reMrted considerable air patroling and
activity on the Marne sector and that
1 tannic. tarvuKH r rwu (.vtriivrj m
thueiastic greeting to General Pershing
when, for the first time, he set foot on
this soil that is claimed by Germany.
Casualty reports given out officially
yesterday were five killed in action,
four who died of wounds, Ave of other
causes, seven of disease, one by an air
plane accident and twenty six severely
wounded. One is reported misgiyg.
Lonilon welcomed and entertained
a large number of American troops.
Last night there was a notable en
tertainment at the Pulaco Theater.
Vice-Admiral Sims expressed American
appreciation of the spirit of the British
in welcoming the V. 8. forces.
w. a. a.
I
I
Flour Millers Must Make Resto
ration Under Orders From
Food Administration
WASHINGTON, July 2 (Associut
ed Press) Profiteering millers must
return to the government the amount
of such excessive profits which they
have secured. This is provided by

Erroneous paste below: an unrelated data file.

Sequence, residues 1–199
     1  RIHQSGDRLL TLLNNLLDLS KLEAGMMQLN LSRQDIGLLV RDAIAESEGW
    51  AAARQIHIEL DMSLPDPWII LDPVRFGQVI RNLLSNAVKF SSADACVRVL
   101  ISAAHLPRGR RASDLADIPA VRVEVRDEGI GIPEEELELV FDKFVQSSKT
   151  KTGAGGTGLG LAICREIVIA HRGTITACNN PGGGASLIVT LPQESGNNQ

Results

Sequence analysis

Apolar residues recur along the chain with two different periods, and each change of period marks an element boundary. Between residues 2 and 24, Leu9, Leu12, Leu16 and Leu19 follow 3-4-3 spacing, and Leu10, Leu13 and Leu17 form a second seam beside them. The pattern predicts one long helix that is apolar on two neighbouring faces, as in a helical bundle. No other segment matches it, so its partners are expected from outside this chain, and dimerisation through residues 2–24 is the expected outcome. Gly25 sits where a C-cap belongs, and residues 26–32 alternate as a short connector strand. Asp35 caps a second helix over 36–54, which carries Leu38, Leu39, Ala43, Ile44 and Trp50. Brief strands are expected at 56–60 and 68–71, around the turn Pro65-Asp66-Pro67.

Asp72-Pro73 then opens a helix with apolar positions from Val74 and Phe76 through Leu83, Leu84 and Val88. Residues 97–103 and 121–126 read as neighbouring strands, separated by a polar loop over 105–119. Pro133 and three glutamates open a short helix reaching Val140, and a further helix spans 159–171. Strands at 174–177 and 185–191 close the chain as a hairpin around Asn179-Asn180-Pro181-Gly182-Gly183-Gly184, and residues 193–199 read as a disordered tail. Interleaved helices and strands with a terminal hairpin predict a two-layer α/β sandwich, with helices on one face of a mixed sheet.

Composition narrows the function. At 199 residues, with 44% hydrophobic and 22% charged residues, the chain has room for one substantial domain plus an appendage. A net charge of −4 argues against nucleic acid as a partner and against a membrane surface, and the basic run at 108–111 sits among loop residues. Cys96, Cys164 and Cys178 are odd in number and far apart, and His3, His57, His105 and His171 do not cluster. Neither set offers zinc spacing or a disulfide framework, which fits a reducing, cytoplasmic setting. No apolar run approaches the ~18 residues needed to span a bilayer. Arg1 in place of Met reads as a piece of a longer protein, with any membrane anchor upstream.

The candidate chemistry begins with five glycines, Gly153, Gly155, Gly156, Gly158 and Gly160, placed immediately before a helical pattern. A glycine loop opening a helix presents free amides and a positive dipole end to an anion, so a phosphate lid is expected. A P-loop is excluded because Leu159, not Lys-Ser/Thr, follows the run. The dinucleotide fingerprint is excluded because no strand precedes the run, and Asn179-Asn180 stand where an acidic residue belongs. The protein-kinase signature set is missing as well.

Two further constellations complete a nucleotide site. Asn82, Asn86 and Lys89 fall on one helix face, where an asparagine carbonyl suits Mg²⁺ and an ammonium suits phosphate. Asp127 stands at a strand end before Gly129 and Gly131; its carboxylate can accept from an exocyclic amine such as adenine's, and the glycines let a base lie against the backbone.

regulations which were made public by
J'ood Administrator Hoover yesterduy.
The previous regulations provided
that not more than twenty five per
cent profit should be charged by flour
millers but by the charging of a
"trade commission" they succeeded in
increasing their profits to forty five
percent.
The senate has refused to yield to
the opposition of the bouse to an in
erease in the minimum price of wheat.
It overwhelmed a motion to instruct
its conferees that the. need of such an
increase is not imminent.
w. s. a.
BRAZIL WILL JOIN IN
FOURTH'S CELEBRATION
RIO JANEIRO, July 1 ( Asociate,l
Press) Brazil will celebrate the inde
pendence of the United States of Amer
jea with that country on Friday so " ;ll